“We, the peoples”—as the UN Charter preamble calls us—have a profound need for effective and credible mechanisms of international cooperation that will serve the current and future interests of humanity as a whole, and safeguard the planetary systems on which we rely.
While interdependence has created tensions between traditional conceptions of national sovereignty and the idea of collective problem solving, the Global Governance Forum believes that joint, coordinated action, based on carefully defined and legitimate common goals, can restore the rapidly diminishing efficacy of current global governance mechanisms.
Given the reality of globalization and current global risks, it is our belief that the national autonomy of states is best served by strengthening the international rule of law, collective security, and collaborative environmental management.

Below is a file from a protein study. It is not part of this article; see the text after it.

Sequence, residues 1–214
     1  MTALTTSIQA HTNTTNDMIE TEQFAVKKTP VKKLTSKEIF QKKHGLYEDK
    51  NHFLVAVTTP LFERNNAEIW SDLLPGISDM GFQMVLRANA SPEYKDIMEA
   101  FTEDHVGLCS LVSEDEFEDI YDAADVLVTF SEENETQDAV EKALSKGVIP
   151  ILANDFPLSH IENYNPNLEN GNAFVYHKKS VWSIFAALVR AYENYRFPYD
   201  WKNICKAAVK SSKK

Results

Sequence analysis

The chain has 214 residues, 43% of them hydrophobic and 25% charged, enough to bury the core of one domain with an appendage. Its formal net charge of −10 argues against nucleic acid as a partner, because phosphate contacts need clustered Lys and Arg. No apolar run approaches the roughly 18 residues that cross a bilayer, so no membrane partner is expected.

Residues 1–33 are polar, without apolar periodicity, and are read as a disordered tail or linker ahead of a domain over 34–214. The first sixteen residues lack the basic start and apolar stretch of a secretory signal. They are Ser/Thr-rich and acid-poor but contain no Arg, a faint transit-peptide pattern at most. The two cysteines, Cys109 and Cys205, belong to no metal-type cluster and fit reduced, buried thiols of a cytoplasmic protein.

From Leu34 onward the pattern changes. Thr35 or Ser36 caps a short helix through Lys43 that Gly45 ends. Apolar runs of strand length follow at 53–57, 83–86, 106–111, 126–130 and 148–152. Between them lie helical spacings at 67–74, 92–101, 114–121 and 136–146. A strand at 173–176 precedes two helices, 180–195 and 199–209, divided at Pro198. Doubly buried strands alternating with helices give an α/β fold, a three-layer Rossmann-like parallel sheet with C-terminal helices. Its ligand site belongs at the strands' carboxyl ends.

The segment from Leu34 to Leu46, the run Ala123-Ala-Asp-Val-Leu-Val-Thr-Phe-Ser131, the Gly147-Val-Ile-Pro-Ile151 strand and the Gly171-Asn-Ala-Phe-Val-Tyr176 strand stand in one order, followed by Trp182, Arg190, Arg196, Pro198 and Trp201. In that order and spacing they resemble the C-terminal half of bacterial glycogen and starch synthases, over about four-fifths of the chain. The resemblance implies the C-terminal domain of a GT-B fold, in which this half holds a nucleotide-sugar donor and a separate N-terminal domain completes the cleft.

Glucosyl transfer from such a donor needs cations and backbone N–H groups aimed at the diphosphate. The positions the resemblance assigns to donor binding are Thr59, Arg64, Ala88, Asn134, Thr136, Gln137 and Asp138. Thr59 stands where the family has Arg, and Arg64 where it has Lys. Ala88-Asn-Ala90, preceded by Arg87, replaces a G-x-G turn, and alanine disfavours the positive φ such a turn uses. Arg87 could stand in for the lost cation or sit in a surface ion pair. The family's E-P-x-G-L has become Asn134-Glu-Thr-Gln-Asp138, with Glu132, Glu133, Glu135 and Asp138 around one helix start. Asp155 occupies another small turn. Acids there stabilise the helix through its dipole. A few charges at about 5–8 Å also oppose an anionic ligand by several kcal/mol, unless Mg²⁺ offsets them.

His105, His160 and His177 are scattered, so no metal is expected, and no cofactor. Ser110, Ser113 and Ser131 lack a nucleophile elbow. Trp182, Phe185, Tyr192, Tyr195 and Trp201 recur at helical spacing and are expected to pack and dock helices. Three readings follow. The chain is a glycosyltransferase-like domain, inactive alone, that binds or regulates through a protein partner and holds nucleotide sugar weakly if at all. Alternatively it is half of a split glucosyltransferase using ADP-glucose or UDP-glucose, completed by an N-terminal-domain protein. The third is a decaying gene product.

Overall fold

At the New Shape Forum (NSF), convened by the Global Challenges Foundation in Stockholm on 27-29 May, 2018, Augusto Lopez-Claros, Arthur Dahl and Maja Groff were awarded the New Shape Prize for their proposal “Global Governance and the Emergence of Global Institutions for the 21st Century.” The Foundation considered several thousand proposals submitted from 122 countries, from think-tanks, universities, civil society organizations and individuals. The Prize was intended to stimulate original thinking on the development of new global governance mechanisms and institutions, needed to confront a range of emerging global problems which cannot be solved outside of a framework of enhanced international cooperation. This proposal has evolved into a book with the same title, featured elsewhere on this site, and will be the basis around which will evolve in coming years the work program of the Global Governance Forum.
This book’s trenchant analysis of what ails the running of the globe should be read by policymakers everywhere, and certainly by those many citizens who concern themselves with fostering a better and more functional world. Change comes slowly, but this book is a prodding catalyst.
Robert I. Rotberg, Harvard Kennedy School, author of On Governance